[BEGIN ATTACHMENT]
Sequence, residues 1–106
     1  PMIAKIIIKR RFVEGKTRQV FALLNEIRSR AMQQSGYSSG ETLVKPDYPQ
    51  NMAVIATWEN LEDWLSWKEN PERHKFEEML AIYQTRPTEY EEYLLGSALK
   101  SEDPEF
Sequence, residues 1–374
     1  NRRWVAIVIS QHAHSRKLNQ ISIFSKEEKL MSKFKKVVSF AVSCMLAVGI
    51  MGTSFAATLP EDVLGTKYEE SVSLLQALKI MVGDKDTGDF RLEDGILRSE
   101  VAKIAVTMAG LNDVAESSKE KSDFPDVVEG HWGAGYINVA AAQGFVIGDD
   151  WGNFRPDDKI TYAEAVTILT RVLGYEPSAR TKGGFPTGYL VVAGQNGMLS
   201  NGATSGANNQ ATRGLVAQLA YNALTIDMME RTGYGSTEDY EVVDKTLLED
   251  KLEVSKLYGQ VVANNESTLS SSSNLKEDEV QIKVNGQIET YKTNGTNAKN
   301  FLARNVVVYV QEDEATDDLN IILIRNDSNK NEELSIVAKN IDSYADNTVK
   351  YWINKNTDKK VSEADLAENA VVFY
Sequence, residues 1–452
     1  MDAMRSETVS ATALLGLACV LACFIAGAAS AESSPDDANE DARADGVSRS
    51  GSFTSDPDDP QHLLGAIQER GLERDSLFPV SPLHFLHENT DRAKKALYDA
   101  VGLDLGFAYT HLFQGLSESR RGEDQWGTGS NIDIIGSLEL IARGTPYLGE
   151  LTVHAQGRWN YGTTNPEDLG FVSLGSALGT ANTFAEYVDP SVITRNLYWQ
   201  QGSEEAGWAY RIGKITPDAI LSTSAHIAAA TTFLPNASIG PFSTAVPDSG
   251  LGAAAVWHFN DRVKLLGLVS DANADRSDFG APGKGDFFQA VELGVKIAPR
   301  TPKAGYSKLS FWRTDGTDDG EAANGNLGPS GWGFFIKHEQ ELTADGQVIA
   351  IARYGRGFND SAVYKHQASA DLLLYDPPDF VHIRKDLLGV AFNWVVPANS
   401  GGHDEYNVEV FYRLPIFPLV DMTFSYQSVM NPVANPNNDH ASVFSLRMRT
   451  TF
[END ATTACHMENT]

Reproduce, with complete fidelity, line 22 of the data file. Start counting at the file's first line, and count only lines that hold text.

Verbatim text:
   351  IARYGRGFND SAVYKHQASA DLLLYDPPDF VHIRKDLLGV AFNWVVPANS